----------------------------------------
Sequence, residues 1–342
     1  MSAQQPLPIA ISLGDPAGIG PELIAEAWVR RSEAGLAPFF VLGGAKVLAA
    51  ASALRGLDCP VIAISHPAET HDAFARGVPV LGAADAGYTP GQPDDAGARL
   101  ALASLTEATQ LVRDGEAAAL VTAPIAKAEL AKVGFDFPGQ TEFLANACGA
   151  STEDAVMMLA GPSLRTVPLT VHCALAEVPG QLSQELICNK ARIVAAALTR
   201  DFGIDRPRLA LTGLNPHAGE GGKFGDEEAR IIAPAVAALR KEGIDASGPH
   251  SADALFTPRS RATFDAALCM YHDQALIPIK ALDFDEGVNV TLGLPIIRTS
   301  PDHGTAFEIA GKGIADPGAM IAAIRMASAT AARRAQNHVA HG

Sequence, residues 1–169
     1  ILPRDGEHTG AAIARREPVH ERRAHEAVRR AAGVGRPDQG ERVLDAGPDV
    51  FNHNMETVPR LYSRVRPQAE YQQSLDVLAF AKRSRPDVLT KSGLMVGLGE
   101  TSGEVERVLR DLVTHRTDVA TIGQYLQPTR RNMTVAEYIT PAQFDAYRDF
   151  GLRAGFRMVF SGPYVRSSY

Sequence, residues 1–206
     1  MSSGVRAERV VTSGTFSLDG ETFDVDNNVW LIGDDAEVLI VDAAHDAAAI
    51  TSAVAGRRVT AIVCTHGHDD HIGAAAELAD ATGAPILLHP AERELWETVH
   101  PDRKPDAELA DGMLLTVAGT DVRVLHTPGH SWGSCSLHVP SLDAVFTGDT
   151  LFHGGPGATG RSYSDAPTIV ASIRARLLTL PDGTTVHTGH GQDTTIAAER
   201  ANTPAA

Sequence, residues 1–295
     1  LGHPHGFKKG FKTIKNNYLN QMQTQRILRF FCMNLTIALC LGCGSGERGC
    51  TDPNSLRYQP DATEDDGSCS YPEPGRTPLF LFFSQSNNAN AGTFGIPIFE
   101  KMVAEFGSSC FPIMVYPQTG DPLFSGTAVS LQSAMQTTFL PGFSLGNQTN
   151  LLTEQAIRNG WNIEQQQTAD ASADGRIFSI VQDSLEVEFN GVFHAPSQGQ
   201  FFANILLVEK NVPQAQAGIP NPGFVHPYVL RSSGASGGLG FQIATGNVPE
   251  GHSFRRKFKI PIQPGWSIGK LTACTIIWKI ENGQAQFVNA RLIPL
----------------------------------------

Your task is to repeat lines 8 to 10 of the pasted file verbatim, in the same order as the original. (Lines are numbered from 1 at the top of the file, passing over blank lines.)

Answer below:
   301  PDHGTAFEIA GKGIADPGAM IAAIRMASAT AARRAQNHVA HG

Sequence, residues 1–169
     1  ILPRDGEHTG AAIARREPVH ERRAHEAVRR AAGVGRPDQG ERVLDAGPDV